A recent survey of 44 countries around the world revealed that Vietnam has the highest levels of support for capitalism and the free market, with 95% of respondents speaking highly of the system.
Population-rich Bangladesh, one of the poorest countries in South Asia and the world, came in second place with huge support of the free market economy, followed by South Korea, China, and Ghana.
Respondents to the survey suggested overwhelmingly that open trade creates jobs and leads to better wages. Those surveyed in these emerging markets indicated that foreign investment is a good thing, not something to be wary of.
Some of the world’s poorest people believe that capitalism and free markets are what will drive them to prosperity. They realize that it will not happen overnight, but that favoring new jobs and new investment will ultimately raise them out of poverty and create better conditions in their countries.
These countries understand what Canada, Hungary, and the United States do not: shutting down pathways for the wealthy to invest in your country leads to falling markets and being left behind.
Of course, some will argue that the United States and other wealthy countries do not have to kowtow to foreign capital the way a poor country has to. I disagree.
After a country spits on capitalism, it doesn’t take long for the negative effects to kick in. Eventually, your country looks like Paris Hilton, wondering why it’s so rich and too stupid to care.
For the time being, there will always be a certain amount of investment in countries like the United States. The rich of the emerging world still dream of living in a “rich country” and haven’t figured out that doing so will subject them to a draconian tax regime best avoided.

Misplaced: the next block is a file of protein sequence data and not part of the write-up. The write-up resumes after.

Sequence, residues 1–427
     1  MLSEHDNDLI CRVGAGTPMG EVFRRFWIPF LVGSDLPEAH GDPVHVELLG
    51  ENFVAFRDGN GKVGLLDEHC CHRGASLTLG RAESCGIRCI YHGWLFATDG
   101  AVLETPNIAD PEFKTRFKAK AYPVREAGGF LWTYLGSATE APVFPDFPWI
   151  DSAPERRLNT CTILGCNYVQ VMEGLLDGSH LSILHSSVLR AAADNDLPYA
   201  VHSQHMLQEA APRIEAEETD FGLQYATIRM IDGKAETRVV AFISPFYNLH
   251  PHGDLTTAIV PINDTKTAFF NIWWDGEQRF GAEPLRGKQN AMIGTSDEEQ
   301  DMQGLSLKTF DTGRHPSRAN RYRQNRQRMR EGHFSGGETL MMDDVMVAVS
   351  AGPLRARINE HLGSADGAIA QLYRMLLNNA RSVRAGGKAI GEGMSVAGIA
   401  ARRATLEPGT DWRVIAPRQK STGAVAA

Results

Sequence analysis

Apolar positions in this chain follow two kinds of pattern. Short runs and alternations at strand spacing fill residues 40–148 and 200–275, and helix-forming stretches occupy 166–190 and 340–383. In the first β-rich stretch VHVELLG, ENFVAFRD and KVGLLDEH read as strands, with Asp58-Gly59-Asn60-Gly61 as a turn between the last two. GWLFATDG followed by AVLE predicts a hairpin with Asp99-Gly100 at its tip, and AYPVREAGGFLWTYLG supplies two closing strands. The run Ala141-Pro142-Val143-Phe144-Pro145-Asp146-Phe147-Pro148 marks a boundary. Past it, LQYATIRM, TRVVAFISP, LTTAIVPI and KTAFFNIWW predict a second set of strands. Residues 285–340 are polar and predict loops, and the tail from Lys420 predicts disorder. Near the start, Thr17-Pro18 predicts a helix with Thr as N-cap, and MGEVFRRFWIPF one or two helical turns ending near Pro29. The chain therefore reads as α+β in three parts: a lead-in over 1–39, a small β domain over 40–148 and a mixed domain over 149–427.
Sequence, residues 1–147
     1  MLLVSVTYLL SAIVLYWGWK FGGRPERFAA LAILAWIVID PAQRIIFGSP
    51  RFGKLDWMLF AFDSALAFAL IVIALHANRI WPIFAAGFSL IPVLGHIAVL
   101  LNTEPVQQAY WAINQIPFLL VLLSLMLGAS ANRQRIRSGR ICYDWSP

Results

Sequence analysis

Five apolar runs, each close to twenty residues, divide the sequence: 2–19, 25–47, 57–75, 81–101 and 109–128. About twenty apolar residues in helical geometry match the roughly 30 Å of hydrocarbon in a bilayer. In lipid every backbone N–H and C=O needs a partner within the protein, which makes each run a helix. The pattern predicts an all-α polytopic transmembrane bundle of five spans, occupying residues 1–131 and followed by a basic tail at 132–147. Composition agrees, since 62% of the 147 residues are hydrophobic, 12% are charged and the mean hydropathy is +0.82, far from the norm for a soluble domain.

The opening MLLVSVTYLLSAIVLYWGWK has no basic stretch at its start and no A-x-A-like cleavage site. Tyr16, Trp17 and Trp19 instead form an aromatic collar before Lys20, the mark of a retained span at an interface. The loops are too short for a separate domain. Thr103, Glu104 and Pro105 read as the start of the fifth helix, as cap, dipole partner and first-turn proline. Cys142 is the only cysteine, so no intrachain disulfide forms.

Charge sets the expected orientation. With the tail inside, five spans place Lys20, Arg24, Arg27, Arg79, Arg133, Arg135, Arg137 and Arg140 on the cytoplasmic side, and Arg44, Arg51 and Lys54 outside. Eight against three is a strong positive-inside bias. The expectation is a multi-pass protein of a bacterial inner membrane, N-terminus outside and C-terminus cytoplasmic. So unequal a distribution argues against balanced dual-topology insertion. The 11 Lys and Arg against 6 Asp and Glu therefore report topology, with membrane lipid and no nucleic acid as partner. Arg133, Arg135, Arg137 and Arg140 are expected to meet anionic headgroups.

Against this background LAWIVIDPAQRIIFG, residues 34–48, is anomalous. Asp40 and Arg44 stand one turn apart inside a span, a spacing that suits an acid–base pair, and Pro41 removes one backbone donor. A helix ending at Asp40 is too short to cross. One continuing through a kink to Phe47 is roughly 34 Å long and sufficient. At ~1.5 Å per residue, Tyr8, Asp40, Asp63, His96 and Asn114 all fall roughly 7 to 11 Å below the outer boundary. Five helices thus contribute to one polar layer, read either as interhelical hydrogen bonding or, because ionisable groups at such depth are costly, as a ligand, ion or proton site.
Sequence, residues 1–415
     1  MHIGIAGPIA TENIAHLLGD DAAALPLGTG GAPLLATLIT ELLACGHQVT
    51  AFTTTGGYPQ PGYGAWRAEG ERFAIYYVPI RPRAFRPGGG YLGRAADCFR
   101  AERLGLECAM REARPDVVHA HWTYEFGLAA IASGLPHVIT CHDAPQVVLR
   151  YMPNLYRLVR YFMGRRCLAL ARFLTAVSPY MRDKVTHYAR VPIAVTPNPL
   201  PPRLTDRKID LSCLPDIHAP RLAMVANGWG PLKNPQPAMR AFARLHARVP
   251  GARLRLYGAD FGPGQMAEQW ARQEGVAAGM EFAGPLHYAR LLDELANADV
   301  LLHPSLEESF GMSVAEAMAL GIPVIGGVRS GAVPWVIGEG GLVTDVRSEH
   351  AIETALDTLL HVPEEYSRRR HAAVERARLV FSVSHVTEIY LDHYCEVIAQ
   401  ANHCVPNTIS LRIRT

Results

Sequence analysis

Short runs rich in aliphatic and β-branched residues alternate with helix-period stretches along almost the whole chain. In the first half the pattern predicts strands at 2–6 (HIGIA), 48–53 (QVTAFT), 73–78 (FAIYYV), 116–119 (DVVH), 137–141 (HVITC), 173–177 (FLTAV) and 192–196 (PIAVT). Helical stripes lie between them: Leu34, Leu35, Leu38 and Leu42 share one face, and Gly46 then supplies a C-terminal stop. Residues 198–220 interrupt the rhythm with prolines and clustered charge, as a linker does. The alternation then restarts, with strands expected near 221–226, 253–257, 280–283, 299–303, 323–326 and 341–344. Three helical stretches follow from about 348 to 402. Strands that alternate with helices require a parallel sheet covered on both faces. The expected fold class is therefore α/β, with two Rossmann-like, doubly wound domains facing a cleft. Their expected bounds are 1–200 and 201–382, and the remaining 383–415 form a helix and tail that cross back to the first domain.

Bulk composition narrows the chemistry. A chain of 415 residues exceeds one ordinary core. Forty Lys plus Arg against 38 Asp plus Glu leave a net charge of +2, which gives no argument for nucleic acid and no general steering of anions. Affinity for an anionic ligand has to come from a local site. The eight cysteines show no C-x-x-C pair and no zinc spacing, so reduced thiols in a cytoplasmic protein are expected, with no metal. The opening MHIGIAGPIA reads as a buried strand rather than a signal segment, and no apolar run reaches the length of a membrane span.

However, some of the world’s most substantial investments are going to countries you would never think are capitalist.
I for one would rather invest in Vietnam, where the culture is very pro-capitalist, even while the government maintains a faux “Socialist” banner.
In fact, places like China may claim to be communist but are practically runaway capitalism. An EU diplomat I sat next to on a plane several years ago lambasted Mainland China as “Republican politicians run amok”.
As I reported from Nicaragua almost a year ago, the old school communists may not want to shed their titles, but most of them have seen the light. The communists are capitalists now.
Even the emerging world politicians who still wish to run a corrupt government realize that money coming in and investment being made is better than stealing all of the country’s farmland and putting people in work camps.
Politicians in the Western world pay lip service to capitalism in a way that politicians here in Asia and the emerging Americas don’t. For these Western politicians, it’s just that: lip service.
If you run a business, much of Western society is opposed to you.
They are offended by your ability to profit while their wages stagnate.
They view you as the oppressor.
They wish heavy regulatory burdens and other punitive actions on you.
They want you to bear the brunt of a bankrupt nations’ increasingly desperate tax code.
Or by raising capital gains taxes while claiming to welcome investment.
The world’s most capitalist countries are the ones you’d least expect. They are the ones where people understand through life’s lessons that they are owed nothing and that hard work can create opportunities.
These capitalist countries are the ones you ought to seek out. Bangladesh, India and Vietnam are vying to become the next Singapore or Hong Kong.
The next place to see such a remarkable Singapore or Korea-like transformation will be one of these truly capitalist countries that knows, as I say, where their bread is buttered.
Meanwhile, the clueless West will continue to disintegrate and become poorer and poorer as they abandon the very principles that made them rich so long ago.